Toward the end of each year, Rwanda hosts a two-day national dialogue that brings together various stakeholders to discuss matters that are of importance to the country’s development and the wellbeing of the Rwandan people.
The convention is a home-grown solution referred to as Umushyikirano.
The sessions are chaired by the Head of State with participation from the private sector, grassroots leaders, national leaders, civil society and members of the Diaspora. They get to sit together and deliberate on the country’s priorities.
The 2018 edition of Umushyikirano, scheduled for December 13 – 14, is expected to host over 2,000 delegates with thousands more following online or through live broadcasts.
The sessions are highly interactive, with participants both at the event and those following online able to share ideas, challenge conceptions, propose solutions, raise concerns and even pitch business ventures.
To enable participation from a wider audience, slots for social media contributions and phone-in sessions are provided for. And, with the majority of the population being youth who consume content using their mobile phones, there is no better way to hear directly from them.
Many have also used Umushyikirano to hold those in authority accountable for issues that need to be addressed and have either been ignored or poorly addressed.
One can strongly argue that such accountability carried out openly and in a very transparent manner, has contributed toward having an efficient government; not one single leader would want to be called out or put on the spot for non-performance.
The resolutions that are drawn from Umushyikirano are concrete goals aiming at accelerating the development of the country and its citizens’ welfare.
More importantly, it is how these resolutions are reached that makes the national dialogue a successful and unique practice that fosters democracy.
Umushyikirano is not only essential to Rwanda’s participatory democracy but is also key to actively engaging the population in efforts to build the “Rwanda We Want” as stipulated in the country’s development blueprint – Vision 2050.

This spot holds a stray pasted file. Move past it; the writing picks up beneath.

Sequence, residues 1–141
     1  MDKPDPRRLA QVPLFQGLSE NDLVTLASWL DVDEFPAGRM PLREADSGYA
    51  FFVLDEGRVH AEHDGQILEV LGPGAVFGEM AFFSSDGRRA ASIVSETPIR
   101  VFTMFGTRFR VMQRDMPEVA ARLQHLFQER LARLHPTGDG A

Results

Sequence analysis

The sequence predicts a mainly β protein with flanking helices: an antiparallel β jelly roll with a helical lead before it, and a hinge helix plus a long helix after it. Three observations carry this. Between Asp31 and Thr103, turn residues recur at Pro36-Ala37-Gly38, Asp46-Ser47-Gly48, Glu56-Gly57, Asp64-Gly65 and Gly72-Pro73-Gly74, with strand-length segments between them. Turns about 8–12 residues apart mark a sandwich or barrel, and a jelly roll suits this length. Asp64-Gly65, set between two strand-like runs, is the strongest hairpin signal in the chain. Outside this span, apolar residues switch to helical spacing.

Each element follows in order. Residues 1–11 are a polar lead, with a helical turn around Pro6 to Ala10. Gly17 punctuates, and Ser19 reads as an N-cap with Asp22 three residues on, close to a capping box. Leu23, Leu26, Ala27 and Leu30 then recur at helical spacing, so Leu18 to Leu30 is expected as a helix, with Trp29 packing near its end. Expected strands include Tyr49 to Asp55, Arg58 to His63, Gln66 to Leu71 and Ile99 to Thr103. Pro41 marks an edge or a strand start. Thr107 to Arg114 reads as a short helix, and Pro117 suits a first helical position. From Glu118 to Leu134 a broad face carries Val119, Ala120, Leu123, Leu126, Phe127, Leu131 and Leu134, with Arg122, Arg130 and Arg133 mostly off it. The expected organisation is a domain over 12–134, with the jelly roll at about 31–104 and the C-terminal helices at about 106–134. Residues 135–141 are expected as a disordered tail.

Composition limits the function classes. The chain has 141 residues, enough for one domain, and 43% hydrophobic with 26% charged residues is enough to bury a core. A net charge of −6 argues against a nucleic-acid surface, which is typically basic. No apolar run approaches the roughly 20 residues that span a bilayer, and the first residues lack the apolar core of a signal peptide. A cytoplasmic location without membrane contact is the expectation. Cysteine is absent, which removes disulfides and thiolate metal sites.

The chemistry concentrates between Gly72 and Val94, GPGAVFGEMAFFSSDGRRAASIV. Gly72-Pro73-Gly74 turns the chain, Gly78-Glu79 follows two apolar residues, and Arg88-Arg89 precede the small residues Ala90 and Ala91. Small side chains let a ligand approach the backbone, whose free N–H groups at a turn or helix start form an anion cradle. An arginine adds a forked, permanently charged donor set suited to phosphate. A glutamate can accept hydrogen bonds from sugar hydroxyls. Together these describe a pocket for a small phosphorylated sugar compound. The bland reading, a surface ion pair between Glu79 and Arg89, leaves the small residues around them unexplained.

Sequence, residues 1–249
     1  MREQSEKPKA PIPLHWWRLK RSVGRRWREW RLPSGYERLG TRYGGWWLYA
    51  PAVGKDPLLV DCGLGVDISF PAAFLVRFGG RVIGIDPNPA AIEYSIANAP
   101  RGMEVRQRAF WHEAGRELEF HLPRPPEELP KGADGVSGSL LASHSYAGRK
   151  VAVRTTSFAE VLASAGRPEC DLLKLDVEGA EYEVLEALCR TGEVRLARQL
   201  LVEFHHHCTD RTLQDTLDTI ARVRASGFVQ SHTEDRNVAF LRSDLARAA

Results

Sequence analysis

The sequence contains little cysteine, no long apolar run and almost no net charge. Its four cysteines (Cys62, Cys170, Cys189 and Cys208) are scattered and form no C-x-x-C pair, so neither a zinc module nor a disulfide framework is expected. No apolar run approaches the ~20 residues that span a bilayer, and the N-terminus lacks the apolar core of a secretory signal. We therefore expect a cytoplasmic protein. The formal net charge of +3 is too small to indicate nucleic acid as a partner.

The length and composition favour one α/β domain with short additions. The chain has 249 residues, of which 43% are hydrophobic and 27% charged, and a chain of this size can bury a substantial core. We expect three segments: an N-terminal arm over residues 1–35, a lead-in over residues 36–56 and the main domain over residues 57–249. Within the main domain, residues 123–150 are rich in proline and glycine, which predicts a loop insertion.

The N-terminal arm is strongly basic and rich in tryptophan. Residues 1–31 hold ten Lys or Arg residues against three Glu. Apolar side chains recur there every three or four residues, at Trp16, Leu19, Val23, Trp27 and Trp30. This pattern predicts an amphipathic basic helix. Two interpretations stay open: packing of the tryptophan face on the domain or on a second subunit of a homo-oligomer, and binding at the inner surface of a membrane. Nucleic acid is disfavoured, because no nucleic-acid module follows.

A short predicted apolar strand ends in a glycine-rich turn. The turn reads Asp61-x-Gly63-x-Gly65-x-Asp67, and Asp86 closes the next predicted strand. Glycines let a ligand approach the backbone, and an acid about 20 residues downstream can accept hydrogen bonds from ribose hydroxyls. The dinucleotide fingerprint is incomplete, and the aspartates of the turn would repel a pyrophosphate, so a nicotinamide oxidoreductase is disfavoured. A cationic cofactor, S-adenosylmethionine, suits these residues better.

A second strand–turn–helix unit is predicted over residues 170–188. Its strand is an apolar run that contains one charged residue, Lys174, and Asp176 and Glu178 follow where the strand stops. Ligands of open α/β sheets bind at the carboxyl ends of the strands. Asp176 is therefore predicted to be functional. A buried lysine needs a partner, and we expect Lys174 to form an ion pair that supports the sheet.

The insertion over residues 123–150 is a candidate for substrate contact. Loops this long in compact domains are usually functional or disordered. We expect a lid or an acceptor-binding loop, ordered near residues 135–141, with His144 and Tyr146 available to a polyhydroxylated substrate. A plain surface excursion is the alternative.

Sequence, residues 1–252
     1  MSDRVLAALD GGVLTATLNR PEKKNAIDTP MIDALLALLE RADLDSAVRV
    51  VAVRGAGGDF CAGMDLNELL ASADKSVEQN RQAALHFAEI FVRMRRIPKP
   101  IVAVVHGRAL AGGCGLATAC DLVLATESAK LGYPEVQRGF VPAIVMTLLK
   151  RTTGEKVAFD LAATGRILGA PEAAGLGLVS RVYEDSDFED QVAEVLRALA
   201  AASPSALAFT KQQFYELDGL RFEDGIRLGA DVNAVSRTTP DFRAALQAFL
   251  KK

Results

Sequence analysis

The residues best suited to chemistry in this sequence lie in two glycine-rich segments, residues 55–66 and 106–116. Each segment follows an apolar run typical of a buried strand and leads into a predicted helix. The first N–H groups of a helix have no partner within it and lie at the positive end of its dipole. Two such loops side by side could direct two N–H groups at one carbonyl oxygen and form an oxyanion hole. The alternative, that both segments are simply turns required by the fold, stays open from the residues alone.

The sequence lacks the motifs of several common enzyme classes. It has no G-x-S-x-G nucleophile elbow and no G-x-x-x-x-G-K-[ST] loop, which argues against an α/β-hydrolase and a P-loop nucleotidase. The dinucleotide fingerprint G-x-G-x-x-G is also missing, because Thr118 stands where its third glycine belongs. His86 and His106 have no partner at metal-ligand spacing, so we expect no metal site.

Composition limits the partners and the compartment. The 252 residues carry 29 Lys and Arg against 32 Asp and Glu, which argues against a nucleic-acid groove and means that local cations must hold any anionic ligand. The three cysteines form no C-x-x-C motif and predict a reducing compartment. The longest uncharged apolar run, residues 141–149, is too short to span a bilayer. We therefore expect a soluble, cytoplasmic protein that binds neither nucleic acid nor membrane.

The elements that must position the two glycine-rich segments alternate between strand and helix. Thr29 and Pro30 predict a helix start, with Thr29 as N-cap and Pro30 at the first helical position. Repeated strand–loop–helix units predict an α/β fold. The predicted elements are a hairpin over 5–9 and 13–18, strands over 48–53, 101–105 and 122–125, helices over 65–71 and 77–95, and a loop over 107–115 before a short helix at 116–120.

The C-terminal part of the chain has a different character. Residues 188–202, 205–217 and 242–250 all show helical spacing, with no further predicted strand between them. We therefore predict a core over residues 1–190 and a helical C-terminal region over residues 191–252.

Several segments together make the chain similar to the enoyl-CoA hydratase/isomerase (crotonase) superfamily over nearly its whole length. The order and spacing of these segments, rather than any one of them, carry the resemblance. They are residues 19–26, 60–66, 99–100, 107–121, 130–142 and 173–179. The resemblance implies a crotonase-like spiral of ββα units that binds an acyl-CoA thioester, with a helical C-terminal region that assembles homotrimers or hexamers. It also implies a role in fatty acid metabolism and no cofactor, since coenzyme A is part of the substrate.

When ordinary citizens have their say on the country’s governance, when ordinary citizens participate in the drawing of the national agenda, when ordinary citizens have access to national opportunities and equitably share the available resources, they collectively and willingly drive the country’s development journey.
Such buy-in is a great boost towards achieving of the set targets.
That is why the dates of December 13-14, 2018 are instrumental in the determination to succeed as a nation.
Among the things Rwanda has learned from recent experiences is that democracy is not only about going to the polls, but also continuous citizen participation in all aspects of governance.
The Post-Independence Rwanda remained an unknown country on the international scene. Later, this landlocked country at the heart of Africa came to be known negatively due to the 1994 Genocide against the Tutsi that claimed more than 1 million lives in only 100 days.
Today, 25 years after the liberation of the country by the RPF Inkotanyi, the country has metamorphosed into a highly respected nation. Against all odds, it has risen to achieve a lot, be it in development, unity, and security to mention but a few.
All Rwandan children have access to free education, life expectancy has gone up and universal healthcare is now a dream come true. All of these milestones have been achieved through engineered home-grown solutions deeply rooted in the richness of the Rwandan culture.
One of the key values not usually talked about is Rwanda’s original, people-centered democracy. It also constitutes the backbone of the 3 main pillars of RPF Inkotanyi in rebuilding the nation through a people-centered leadership.
As far as democracy is concerned, Umushyikirano remains a rare and distinctive tool of Rwanda’s true participatory democracy; that we Rwandans should be proud of.
Prof. Pierre Damien Habumuremyi, a former Prime Minister of Rwanda, is a Political Science Expert, while Patrice Habinshuti is an International Development Expert.
The views expressed in this article are of the authors.